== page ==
Thursday, July 1, 2010

The Grass is Greener

Kate, over at A Year with Horses , recently was discussing the grazing routine at her barn:
"[W]e used to do intensive rotational grazing on smaller pastures, about 1 acre plus or minus, with each of our two herds spending about a week on one of our 10 grazing pastures before moving to the next one. With larger herds - we've had as many as 17 horses on pasture although that's probably too many - this intensive grazing maximized grass growth and productivity and meant we had to feed much less hay over the grazing months. The problem we've been confronting lately is that we now have only 9 grazing horses - one herd of 4 [mares] and the other of 5 [geldings]."
"We've decided that we no longer want to maximize grass production, and want to significantly reduce labor, so we've moved to grazing each herd in a large, conjoined 5 or 6 acre pasture without rotation, but with frequent mowing to control weeds and improve the ability of the horses to graze all the areas of the pastures.... We're expecting some decline in grass quantity and richness, which will be a good outcome considering the girth of many of our horses, although there should be enough grass for the grazing season."

I kinda hi-jacked her post with a discussion of my quandary over whether or not to mow two of my pastures which have gotten quite lush:
"I'm trying to figure out my rotation, too. I have seven pastures: five between 1 1/2 and 2 acres, and two that are both 2 acres or better. When I had the horses is separate groups coming out of winter, I rotated them through five of the pastures. Now that they're all (6) together, I'm trying to let them eat down the last two pastures that got belly high in places. But they are all very rotund, so I daren't leave them out full time--I'm letting them out first thing in the morning for 3-4 hours, then again in the evening for 2-3.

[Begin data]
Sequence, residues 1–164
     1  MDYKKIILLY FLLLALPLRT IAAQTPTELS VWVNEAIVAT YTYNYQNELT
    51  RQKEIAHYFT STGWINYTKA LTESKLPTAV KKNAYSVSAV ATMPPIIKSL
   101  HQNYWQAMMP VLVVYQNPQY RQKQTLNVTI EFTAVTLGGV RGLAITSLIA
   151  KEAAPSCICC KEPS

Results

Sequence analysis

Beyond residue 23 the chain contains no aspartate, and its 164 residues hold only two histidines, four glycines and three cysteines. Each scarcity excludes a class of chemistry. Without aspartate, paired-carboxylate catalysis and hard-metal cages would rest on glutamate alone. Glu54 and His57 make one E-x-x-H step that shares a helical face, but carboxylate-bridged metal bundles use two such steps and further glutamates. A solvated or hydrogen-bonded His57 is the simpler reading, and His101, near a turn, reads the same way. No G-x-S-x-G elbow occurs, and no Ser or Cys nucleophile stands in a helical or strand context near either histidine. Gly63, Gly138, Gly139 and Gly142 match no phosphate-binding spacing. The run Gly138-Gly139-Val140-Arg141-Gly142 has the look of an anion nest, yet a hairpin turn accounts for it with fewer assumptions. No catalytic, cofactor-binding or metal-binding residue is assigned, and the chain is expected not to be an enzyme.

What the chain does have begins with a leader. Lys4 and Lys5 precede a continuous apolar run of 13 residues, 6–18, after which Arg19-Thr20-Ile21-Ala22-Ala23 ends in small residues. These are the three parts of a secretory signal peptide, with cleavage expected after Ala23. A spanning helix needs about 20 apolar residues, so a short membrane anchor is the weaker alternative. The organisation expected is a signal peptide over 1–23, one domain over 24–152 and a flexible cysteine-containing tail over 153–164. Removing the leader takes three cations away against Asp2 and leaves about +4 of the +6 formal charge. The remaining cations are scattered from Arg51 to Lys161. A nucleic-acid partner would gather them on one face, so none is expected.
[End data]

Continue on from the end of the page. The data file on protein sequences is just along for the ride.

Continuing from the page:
I've been wondering if I should just mow it all down? But I'm afraid the cuttings would just smother the new grass underneath. (I even thought about asking the neighbor to cut and bale it, but I know he doesn't like haying smaller spaces.) What do you think?
" (Even 30-year-old RT is looking plenty plump!)
Kate's response, in part:
"I'd recommend mowing. It keeps down the weeds and allows the horses to graze more evenly, not just where the grass is short - our horses tend to graze one area excessively and others not at all as the grasses grow up and get more coarse."
I started last week with the herd on one of those pastures, but because it is so rich, I was only leaving them out for 3-4 hours in the morning (when sugar content of grass is lowest) and 2-3 hours in the evening (when it's starting to drop from afternoon high sugar production). They got pretty good at the routine, coming in when I caled (mostly--in the evening their daily supplement ration cushions the blow of leaving the pasture).
I now have them up to about ten hours, and am putting them out last thing before I go to bed, and bringing them in first thing in the morning. Mostly this is so I have them up at the barn during the day, so I can work with Beth, Maddie and Kate.
Mowing gives the advantage of more even growth, and therefore more even grazing patterns. If you look at this pasture it may seem to be green and growing.
And it patches. But the issue is that the horses tend to choose the more succulent grasses, and leave older, taller grass behind (think: the school child who eats his Twinkie and leaves the bologna sandwich).
So, although this looks lush...
...twenty feet away, where they've been eating the younger grass, it looks like this:
So I decided to take Kate's advice and mow. (She also directed me to a great resource at the site, where the question is posed: "Are you feeding your horse like a cow?"